It turns out that tax treaties are notoriously secretive. There doesn't seem to be a good free online database that even lists existing tax treaties. To build a basic map showing tax treaties over time I had to resort to scraping the UN Treaty Series Online, which proved to be very incomplete. Fortunately, after posting that on Twitter Martin Hearson pointed me to this awesome dataset he made with Action Aid (check it out here). So, instead of having to do some really painful webscraping I just used his dataset. I used the Google Maps API to get coordinates for each country, then plotted each treaty on a map using Plotly. I then used the various attributes coded for each treaty to produce different maps, with the lines color-coded according to the attribute's value. Here is one such map with the lines color-coded according to whether the treaty applies more source based taxing rights (green) or residence based taxing rights (red).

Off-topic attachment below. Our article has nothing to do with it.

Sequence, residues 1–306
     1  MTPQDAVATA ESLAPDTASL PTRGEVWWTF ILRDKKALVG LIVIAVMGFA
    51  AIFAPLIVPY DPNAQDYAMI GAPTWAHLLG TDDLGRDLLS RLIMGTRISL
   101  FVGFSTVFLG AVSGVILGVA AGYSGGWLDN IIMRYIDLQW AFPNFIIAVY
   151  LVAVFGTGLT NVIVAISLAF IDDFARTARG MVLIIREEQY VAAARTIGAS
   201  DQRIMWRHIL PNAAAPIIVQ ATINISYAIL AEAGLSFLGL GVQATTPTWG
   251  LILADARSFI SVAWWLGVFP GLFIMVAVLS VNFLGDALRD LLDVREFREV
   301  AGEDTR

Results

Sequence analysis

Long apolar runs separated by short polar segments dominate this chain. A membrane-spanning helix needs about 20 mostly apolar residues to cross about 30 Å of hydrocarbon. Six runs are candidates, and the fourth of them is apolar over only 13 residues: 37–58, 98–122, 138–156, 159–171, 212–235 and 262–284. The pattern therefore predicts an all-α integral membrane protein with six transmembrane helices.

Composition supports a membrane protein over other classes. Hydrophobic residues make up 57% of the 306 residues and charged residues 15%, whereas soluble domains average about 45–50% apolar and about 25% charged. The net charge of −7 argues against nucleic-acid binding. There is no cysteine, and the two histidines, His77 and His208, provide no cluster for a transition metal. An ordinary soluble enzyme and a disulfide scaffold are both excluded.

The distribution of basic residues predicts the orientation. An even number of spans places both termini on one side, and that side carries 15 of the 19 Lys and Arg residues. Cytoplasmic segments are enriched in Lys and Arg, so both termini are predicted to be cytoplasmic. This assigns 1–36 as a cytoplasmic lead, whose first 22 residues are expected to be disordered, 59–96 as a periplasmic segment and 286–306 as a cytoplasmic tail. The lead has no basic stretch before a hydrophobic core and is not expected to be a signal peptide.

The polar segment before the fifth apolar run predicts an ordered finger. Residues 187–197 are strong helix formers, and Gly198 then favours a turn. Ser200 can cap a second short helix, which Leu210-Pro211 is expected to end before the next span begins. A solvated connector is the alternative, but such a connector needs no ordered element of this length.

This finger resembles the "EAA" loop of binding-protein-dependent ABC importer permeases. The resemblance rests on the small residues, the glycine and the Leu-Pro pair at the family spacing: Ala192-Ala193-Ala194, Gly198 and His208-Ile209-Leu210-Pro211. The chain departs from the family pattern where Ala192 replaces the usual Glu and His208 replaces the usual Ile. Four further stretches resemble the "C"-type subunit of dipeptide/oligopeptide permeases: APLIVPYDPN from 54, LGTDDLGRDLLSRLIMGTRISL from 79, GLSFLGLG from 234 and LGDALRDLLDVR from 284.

I also made a map looking at Africa, where green lines represent Africa-to-Africa treaties, and red lines represent Africa-to-Not-Africa treaties.
You can see some of my later maps (which are better in their presentation) over at Martin Hearson's blog. Those maps look at specific countries, as well as the spread of certain types of clauses, revealing more detailed information.
If you're really interested, I uploaded the (sloppy, somewhat embarrassing) code to github.